I’m a little distracted today.
To make a long story short, a woman from our homeschooling group has just been diagnosed with a very rare terminal condition. She likely doesn’t have long to live, and she has a 10-year-old daughter for whom she has always been the primary caregiver. To make things worse, she’s in hospital an hour away from here, so people aren’t able to visit her or bring her daughter to her. So she’s lying there, alone in the hospital, knowing she’s dying. I just have a hard time even getting my head around how she must feel.
And she and her husband really don’t have any family, and not a lot of friends. So I suppose I feel responsible in some way, even though we’re not close.
I was talking to Keith about this last night, and the talk did not go well. He’s a doctor, so I always figure that he can figure out how to talk to doctors and get things done in the system better than the rest of us plebes. But I think he felt it was an attack, “why haven’t you done anything for this poor woman?” Needless to say we were each a little annoyed with each other.
Now this shall pass. I know that once he gets home from work we’ll talk and it will be fine. It really isn’t a big deal. (Although I’m still quite sidetracked trying to figure out what I can do for this woman, other than going to visit her tomorrow). Often, though, our disagreements with our husbands happen not really because we see the issues differently; they happen because we have different approaches to life in general. So I thought today, for Wifey Wednesday, I’d make a chart of some of the primary ways that men and women think and act differently. And then you, when you participate, can make the list longer, either in the comments or on your blog!
1. Men think we’re trying to get them to fix a problem,
…when really we want to brainstorm about a problem or just discuss a problem. That’s why Keith got defensive. When we mention a problem, they figure we’re angry that they haven’t done something about it yet. They need to feel competent; if we say things the wrong way, we undermine this and set them off.
2. Men tend to focus on one thing at a time,
…while women are always multi-tasking. Even when I’m working, I’m thinking about what my daughters are doing and how they’re feeling. Men often seem oblivious to the reactions of family members to their actions, not because they don’t care, but because they weren’t thinking of that right now. Instead of attacking them in these cases, it’s often better to ask a question to help them focus differently. (“What do you think we can do to help Rebecca out of her funk?” for instance).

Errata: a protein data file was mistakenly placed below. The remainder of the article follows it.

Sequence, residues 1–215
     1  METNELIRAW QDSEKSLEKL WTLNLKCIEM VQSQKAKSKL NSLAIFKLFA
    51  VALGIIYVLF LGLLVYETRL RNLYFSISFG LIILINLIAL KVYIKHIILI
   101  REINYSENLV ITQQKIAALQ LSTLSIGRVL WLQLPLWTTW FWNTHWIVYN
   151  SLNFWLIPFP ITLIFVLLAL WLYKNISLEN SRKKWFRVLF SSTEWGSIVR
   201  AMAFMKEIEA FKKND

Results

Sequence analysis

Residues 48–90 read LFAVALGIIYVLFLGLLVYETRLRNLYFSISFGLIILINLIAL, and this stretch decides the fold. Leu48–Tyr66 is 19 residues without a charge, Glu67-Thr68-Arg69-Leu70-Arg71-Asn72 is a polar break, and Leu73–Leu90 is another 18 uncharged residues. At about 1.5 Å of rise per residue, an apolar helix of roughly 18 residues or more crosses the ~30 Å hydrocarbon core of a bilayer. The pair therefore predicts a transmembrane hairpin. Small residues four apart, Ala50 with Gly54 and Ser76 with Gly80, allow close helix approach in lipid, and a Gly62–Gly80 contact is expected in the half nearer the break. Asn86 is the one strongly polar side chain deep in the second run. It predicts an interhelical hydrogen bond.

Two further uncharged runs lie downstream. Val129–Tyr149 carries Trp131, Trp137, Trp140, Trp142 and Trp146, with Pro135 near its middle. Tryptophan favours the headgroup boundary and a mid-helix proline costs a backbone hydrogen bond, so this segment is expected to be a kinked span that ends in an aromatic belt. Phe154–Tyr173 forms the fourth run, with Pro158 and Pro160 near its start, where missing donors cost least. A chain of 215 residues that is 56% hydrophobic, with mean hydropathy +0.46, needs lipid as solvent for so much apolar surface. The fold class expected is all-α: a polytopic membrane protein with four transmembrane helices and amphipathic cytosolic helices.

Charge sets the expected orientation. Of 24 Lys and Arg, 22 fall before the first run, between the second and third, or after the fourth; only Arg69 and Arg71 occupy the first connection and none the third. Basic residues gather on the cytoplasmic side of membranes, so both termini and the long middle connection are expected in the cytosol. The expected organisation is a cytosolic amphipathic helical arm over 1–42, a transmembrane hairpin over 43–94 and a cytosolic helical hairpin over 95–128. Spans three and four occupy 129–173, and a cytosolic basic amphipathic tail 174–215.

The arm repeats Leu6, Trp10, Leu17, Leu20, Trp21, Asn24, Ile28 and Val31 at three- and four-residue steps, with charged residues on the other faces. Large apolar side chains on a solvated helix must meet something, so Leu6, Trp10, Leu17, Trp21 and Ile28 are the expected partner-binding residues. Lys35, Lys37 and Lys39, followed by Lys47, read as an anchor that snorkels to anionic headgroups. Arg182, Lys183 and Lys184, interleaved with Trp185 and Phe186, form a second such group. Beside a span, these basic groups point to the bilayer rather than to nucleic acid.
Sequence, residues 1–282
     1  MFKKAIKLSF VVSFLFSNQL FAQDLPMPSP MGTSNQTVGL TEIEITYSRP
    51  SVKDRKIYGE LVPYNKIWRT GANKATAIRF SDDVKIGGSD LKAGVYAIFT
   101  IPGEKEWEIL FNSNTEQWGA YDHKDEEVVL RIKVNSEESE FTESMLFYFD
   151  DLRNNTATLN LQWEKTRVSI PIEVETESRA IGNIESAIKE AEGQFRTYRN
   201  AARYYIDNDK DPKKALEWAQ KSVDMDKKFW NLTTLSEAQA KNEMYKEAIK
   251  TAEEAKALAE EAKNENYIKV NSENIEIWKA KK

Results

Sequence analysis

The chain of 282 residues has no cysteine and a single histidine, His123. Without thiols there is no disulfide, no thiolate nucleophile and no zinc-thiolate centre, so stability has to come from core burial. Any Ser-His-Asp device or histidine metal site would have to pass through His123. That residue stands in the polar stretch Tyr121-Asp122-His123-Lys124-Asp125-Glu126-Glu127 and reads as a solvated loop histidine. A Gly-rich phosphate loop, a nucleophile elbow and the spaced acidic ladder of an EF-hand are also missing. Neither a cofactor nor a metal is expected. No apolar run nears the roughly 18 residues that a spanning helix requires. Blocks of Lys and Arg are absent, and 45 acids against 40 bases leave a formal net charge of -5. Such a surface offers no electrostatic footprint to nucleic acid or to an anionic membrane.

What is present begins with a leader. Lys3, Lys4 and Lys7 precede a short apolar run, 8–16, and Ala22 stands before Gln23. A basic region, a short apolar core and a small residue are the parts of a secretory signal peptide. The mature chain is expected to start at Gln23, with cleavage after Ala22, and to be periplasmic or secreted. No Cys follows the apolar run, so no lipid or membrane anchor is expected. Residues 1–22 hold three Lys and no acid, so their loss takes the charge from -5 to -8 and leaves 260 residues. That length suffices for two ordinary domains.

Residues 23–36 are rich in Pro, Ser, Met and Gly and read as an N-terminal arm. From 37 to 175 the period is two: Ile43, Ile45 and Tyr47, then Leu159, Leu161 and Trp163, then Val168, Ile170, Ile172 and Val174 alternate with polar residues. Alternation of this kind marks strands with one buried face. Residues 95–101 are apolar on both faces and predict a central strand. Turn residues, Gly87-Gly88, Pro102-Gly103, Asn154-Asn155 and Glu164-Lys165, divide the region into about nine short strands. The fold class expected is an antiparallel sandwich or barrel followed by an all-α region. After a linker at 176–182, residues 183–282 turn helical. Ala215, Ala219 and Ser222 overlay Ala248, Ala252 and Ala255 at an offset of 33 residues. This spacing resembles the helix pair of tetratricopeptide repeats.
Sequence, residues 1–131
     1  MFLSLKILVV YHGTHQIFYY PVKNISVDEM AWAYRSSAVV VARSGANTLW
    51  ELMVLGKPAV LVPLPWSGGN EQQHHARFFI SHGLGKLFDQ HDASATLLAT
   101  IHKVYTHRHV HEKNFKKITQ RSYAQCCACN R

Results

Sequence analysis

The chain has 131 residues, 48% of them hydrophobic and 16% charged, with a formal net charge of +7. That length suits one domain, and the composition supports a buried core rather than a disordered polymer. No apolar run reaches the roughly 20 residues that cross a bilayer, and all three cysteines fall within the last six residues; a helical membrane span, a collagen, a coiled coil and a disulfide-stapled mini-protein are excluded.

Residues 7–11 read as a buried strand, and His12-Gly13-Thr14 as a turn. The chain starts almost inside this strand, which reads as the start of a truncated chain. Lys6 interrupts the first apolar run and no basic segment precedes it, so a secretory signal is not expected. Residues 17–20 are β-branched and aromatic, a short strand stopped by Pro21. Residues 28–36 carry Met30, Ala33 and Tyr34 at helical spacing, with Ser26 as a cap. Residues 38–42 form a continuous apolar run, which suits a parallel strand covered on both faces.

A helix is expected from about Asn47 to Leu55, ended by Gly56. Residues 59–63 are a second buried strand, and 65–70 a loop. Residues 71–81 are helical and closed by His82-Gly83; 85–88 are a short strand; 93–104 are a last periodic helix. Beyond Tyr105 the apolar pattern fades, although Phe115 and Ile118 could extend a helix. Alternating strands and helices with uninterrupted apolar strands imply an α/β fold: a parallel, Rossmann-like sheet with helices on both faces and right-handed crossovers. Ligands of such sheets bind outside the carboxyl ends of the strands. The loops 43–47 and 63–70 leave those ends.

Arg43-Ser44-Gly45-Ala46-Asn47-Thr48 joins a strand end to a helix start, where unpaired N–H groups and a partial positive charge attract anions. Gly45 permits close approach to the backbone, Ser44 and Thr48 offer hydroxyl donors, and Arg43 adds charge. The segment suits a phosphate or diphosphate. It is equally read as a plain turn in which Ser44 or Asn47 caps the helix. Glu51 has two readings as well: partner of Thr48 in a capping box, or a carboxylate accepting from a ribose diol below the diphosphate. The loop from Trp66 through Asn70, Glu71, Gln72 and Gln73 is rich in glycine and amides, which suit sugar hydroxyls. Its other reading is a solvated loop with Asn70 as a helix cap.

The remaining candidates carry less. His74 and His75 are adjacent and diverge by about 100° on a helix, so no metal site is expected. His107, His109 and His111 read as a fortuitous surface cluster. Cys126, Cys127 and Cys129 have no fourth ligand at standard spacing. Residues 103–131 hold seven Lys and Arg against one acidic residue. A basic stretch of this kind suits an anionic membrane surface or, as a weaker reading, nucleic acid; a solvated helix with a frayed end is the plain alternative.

3. Men are quick to get in the mood;
…we need to be romanced. Thus, men often assume we don’t want to make love, so they roll over and get grumpy. I keep telling my husband, “try to seduce me!” I’m not in the mood right now, but you could probably get me there. It’s just not on the radar screen. If it’s not on their radar screen, they know it can’t happen. But they forget that we’re not usually in the mood until we start. We don’t work like them. So we could, potentially, be warmed up if they tried.
4. Men tend to relate to others on a side-to-side basis.
…We relate on a face-to-face basis. Men do things with others, whether it’s other guys, or their children. We like talking to others. One is not necessarily better than the other. If we want to get closer to our husbands, then, maybe the answer isn’t to try to get them to talk and act like us; it’s to find things that we can do, side by side.
5. In the end, men need to feel like we think they’re competent and can manage life.
We need to feel like we are cherished. We have different primary needs. You may feel like you’re meeting his if you’re hugging him all the time and telling him you love him, but if you’re simultaneously questioning him about his job, how he handles the kids, and the finances, he’ll feel undermined.
So there’s my list. Anything jump out at you? Anything you’d like to add?